The most stable joint for this in wood would be a Mortise & Tenon joint. Making this joint is reasonably easy if you have some tools like a table saw and some chisels and/or a mortising attachment for a drill press (pillar drill in British). You can make them entirely with hand tools - a simple cross-cut saw and a chisel and hammer/mallet were all that was necessary for many centuries before all the power tools were invented.
Normally, stands like this will have 3 legs in a triangle as you've drawn because that's a very stable design requiring a minimum of material. However, since you're working with a square post, having 3 legs would require that 2 of them go into corners of your posts and that will make things more difficult. I'd suggest using 4 legs, simply because it will make the work easier.
Make your mortises at an angle in your posts, I'd suggest that you have 2 on opposite faces at one level, and the other 2 on the other faces at a different level. This will make it easier to make the interior joint spaces and, more importantly, will give more strength and stability to each joint. Cut your legs at a matching angle and cut the tenons to fit.
If you have well made, snug fitting joints, you should be able to pull them apart for storage and knock them back in place when you need to set it back up. Glue, obviously, will prevent you from taking it apart, so don't glue it.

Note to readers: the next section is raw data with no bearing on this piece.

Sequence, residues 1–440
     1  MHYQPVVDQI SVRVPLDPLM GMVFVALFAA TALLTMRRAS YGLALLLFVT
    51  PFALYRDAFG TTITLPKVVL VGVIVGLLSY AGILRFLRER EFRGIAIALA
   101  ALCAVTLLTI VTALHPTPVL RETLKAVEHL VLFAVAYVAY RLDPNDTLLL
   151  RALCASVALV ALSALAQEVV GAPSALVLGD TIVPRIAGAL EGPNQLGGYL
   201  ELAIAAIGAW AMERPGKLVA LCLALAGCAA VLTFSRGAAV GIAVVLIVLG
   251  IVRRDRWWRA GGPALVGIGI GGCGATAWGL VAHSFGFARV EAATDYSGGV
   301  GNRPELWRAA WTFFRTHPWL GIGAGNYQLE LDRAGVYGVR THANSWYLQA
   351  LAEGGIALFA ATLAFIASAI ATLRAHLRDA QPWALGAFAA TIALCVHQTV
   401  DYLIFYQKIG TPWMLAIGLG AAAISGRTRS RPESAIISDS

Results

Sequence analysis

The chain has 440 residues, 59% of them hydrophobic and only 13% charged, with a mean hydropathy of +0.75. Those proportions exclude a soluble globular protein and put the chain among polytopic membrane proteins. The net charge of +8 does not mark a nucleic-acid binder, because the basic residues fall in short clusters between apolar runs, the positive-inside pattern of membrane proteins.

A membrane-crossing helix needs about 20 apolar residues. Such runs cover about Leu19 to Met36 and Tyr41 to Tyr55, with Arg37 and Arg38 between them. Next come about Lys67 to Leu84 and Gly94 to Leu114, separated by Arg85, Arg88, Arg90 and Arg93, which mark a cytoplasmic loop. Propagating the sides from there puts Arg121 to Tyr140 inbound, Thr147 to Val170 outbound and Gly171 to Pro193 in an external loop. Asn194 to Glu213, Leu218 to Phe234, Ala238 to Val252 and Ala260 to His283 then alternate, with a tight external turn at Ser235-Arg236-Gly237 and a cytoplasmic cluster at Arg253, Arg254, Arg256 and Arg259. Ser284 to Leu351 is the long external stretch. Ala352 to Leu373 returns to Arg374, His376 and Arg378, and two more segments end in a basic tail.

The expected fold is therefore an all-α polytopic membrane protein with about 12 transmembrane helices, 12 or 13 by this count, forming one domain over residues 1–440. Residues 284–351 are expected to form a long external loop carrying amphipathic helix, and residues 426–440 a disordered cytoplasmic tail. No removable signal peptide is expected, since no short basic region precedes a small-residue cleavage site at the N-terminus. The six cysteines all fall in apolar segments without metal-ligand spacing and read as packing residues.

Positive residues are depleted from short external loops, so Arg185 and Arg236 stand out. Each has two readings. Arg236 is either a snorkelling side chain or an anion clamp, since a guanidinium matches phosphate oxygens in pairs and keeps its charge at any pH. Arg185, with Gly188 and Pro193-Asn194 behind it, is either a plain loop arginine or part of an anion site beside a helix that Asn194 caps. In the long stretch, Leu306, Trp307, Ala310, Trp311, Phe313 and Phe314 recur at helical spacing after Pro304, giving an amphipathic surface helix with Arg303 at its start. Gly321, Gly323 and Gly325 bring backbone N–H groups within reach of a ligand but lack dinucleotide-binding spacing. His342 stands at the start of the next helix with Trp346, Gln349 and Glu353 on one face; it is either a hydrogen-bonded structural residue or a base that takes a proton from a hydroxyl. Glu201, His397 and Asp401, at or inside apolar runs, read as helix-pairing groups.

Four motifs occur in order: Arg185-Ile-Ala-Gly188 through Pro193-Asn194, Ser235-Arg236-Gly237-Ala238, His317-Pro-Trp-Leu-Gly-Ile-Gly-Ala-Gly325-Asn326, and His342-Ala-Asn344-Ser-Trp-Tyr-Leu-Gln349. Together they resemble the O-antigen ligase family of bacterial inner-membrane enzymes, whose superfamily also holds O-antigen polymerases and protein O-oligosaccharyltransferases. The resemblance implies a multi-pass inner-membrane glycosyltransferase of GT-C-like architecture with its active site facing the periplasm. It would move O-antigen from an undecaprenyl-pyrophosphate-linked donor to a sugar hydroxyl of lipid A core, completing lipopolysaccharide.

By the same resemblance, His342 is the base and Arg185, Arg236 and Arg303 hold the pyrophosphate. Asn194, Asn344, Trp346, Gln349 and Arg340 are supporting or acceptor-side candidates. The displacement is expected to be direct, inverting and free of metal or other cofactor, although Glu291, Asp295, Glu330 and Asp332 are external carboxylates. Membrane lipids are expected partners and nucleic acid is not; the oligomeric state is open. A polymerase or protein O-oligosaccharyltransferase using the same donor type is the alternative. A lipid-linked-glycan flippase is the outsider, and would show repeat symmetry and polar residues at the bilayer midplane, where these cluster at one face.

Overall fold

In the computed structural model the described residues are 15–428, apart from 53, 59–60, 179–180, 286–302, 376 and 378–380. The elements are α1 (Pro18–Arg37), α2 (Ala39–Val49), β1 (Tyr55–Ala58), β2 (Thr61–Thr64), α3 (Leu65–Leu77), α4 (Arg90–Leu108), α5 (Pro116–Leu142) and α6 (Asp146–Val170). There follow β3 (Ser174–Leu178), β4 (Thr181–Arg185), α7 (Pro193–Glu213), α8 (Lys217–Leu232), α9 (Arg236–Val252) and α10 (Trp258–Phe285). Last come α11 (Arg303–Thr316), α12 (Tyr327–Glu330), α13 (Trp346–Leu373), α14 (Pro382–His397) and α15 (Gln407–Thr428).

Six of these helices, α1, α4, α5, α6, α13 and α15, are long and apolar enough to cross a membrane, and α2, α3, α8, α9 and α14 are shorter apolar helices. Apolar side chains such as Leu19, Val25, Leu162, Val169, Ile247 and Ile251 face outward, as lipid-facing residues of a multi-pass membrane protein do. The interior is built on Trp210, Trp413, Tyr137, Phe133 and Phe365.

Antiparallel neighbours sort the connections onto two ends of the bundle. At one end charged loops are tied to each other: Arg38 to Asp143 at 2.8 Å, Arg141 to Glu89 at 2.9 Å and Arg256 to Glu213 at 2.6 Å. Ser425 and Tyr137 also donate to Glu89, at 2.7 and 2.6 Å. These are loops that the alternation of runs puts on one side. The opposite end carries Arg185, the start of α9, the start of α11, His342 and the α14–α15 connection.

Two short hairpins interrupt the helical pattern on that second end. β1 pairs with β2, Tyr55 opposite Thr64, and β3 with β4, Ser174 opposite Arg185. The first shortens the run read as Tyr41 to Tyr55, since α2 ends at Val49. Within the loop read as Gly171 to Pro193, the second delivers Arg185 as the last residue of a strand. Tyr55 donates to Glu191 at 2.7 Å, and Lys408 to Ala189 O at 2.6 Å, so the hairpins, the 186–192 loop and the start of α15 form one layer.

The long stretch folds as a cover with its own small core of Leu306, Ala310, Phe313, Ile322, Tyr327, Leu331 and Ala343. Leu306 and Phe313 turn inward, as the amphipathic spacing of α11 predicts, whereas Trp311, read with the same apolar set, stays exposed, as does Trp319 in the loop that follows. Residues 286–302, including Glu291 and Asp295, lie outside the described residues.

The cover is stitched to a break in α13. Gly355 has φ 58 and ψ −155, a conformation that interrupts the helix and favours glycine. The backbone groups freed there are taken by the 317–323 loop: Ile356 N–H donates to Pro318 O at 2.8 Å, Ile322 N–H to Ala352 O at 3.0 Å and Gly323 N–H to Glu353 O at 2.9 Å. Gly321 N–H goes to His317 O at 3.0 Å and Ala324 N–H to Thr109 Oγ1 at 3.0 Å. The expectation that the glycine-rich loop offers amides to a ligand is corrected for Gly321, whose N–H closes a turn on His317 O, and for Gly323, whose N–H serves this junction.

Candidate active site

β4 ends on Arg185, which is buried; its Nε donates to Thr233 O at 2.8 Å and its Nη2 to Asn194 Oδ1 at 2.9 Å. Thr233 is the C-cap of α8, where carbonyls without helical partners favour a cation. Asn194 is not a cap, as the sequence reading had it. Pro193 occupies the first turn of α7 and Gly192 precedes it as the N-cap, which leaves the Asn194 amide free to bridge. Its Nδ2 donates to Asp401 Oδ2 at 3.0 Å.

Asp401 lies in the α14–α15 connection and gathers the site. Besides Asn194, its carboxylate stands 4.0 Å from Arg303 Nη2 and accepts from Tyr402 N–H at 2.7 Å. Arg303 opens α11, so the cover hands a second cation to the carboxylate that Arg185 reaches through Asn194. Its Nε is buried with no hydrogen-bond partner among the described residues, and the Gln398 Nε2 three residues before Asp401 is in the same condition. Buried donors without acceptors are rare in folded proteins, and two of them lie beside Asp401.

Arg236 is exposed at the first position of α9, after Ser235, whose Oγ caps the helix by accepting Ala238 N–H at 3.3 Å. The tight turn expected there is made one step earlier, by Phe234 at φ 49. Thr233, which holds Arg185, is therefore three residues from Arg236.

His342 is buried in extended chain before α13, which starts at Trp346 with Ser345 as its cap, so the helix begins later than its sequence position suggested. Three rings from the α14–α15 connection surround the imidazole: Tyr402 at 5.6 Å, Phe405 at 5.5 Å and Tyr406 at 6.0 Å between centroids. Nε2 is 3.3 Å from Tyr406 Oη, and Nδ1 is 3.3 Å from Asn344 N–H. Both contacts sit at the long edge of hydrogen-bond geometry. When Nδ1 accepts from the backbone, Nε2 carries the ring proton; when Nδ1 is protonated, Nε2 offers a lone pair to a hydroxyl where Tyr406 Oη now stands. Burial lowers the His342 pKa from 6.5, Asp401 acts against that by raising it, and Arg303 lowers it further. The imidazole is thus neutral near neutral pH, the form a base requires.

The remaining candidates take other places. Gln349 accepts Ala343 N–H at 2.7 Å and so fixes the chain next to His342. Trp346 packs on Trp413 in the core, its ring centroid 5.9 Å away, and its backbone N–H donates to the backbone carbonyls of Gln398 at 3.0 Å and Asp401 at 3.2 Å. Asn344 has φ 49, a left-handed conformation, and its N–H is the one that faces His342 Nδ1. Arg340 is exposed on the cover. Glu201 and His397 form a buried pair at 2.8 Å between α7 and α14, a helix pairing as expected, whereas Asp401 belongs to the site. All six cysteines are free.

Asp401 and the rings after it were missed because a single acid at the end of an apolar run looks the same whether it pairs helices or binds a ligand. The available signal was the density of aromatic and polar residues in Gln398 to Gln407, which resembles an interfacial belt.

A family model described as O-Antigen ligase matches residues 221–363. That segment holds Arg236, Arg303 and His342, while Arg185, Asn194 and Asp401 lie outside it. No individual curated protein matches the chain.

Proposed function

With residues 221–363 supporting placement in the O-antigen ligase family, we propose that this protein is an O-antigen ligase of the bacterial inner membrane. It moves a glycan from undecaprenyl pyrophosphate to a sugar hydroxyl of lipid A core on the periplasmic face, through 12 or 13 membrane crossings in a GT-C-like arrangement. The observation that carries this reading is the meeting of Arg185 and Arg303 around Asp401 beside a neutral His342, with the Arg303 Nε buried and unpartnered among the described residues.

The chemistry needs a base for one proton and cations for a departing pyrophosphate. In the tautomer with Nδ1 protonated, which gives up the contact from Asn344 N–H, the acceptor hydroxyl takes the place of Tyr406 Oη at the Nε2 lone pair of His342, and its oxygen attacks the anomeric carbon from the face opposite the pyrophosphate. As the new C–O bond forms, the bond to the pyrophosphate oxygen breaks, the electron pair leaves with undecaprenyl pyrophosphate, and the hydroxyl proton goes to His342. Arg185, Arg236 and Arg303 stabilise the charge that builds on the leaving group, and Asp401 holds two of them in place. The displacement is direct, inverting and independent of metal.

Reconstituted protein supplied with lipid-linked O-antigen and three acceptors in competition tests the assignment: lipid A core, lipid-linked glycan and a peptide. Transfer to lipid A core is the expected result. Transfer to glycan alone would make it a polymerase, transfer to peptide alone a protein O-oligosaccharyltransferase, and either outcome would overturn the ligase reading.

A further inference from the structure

Since this will take some precise joints, I'd suggest that you do some practice M&T joints to improve your skill set before tackling the real project. It's not difficult, but you'll want some practice before digging into your full-size lumber.
I'd suggest that you visit the woodworking sister site for any specific questions you may run into while making your M&T joints. There's a lot of knowledge and expertise there to guide you through the process.
All that said, I'd really suggest that you pick up some pre-built aluminum stands. Considering that the backdrops were free, the investment in the stands would be a reasonably small cost in comparison. They'll also be lighter to move, fold and store easily, and be easier to transport.
I'm all for DIY and woodworking, but sometimes, it's easier to get something that's designed for the purpose.